Drug and Alcohol Rehab for Couples

Couples rehab is a treatment option when two intimate partners are struggling with addiction. It can be the case that both people share an addiction, each person has a different addiction, or one person has an addiction and the other does not. 
Evidence Based
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Couples drug rehab and/or alcohol rehab is a tool to help intimate partners achieve sobriety together. If two people are in a strong relationship but struggle with addiction, drug and alcohol rehab for couples helps them get clean and reinforces their intimate bond. 

Couples rehab is an option when: 

  • A couple shares an addiction
  • Each person has a different addiction
  • One person has an addiction and the other does not

How Addiction Affects Relationships

Research has shown that addiction affects relationships in different ways. It all depends on the nature of the relationship and the roles each person plays. For example, a child with a parent with an addiction is affected differently than a family member with a sibling or cousin with an addiction.

When a person with an addiction is someone’s partner, the effects most often tend to be psychological and economic. Partners are the first in line to experience mood swings, lack of engagement in the relationship, emotional neglect, and reduced interest in sexual intimacy. 

Partners may also be codependent or forced into covering for their loved one or supporting their habit despite knowing there is a problem.

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Types of Rehabs for Couples

There are different types of rehabilitation programs for couples. Some programs help people get sober together in the same treatment program. This is an option for committed partners with a healthy relationship aside from their addiction.

Both must have a desire to get sober, which is a vital part of success in any rehab program. This shared motivation in couples’ rehab is a key element to overcoming addiction and reaffirming a commitment to each other.

Inpatient vs Outpatient Treatment

There are both couples’ inpatient treatment and couples’ outpatient treatment options.

Inpatient options mean couples are living in a facility and wholly focused on recovery. Outpatient treatment programs offer treatment that fits into other responsibilities and obligations in life. For example, a couple in outpatient treatment could still work and care for other family members while also attending treatment sessions.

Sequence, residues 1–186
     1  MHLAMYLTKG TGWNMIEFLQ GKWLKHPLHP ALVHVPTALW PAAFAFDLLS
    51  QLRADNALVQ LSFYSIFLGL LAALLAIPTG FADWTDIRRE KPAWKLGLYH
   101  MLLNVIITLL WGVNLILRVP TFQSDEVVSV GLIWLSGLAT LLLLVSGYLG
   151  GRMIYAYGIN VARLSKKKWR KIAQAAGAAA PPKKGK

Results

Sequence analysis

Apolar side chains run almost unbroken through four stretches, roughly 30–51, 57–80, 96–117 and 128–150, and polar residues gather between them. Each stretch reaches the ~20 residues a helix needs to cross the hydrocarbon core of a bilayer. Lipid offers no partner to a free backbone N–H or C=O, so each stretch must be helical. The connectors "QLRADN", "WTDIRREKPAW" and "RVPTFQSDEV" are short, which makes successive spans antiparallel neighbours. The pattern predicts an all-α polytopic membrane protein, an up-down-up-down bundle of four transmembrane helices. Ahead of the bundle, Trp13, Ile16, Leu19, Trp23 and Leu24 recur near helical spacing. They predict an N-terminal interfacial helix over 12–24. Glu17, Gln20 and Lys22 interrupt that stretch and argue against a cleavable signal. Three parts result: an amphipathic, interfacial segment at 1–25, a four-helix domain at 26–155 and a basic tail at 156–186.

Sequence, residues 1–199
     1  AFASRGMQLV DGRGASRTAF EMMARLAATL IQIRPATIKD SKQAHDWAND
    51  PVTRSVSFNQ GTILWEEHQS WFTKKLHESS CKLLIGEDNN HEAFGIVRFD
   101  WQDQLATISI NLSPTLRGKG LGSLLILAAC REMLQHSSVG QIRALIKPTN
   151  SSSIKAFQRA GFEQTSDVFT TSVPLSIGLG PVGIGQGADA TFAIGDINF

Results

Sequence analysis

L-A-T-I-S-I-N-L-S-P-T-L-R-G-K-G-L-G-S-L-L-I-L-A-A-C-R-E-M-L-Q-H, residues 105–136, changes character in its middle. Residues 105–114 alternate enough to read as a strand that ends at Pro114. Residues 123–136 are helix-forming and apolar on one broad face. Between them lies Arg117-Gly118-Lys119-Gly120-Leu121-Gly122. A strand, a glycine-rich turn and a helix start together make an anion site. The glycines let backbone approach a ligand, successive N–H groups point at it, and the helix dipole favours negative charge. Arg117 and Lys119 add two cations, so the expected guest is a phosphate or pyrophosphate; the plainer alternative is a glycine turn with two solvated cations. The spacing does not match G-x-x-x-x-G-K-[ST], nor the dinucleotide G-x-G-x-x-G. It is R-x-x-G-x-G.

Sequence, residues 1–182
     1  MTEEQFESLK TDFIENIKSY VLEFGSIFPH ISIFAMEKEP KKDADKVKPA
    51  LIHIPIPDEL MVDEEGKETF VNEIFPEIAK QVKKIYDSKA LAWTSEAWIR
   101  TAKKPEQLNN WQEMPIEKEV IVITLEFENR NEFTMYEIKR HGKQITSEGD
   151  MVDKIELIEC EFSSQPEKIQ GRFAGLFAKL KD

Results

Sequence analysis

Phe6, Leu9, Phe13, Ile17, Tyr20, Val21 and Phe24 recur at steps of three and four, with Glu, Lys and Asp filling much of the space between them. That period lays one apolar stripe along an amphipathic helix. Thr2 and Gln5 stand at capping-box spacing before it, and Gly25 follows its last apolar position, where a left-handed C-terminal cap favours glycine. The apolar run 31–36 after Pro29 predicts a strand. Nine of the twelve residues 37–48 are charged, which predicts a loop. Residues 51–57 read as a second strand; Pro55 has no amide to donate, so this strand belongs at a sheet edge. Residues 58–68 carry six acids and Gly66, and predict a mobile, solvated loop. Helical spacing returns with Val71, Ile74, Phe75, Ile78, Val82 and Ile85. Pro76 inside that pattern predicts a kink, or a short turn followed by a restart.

Both outpatient and inpatient treatment programs offer a variety of different types of treatment. 

For example:

Behavioral Couples Therapy (BCT)

Behavioral Couples Therapy (BCT) is a family-oriented approach to couples drug rehab. It’s an approach that is successful for couples living together and dealing with addiction. Couples find this type of therapy helps them improve their relationship, manage issues with enabling and codependency, and create a new dynamic that is healthy and sober.

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Behavioral Couples Therapy for Alcohol Use Disorders (ABCT)

Behavioral Couples Therapy for Alcohol Use Disorders (ABCT) is an outpatient treatment option. It helps those with an addiction to alcohol, as well as their intimate partners. The foundation of ABCT includes the following assumptions:

  • Interactions between couples can trigger alcohol abuse
  • Partners can reward abstinence
  • Positive intimate relationships are a key source of motivation for those abusing alcohol
  • Reducing distress in an intimate relationship reduces the risk of relapse

ABCT therapists work with both partners to identify and reduce the trigger behaviors of the non-abusing partner. 

Other goals of ABCT treatment include:

  • Strengthen the non-using partner’s ability to provide positive support via sobriety contracts
  • Increase positive interactions between the couple via assignments and suggested activities
  • Improve constructive communication and problem-solving
  • Improve coping skills and relapse prevention techniques

The goal of ABCT is to help an individual maintain abstinence with the support of an intimate partner and support both parties in a healthy relationship.

Recovering Couples Anonymous (RCA)

Recovering Couples Anonymous (RC) is a fellowship group of intimate partners committed to sober living. Members work to improve communication and intimacy in their relationships. Couples in the program come together to heal their relationships and learn to manage addiction with the support of their partners.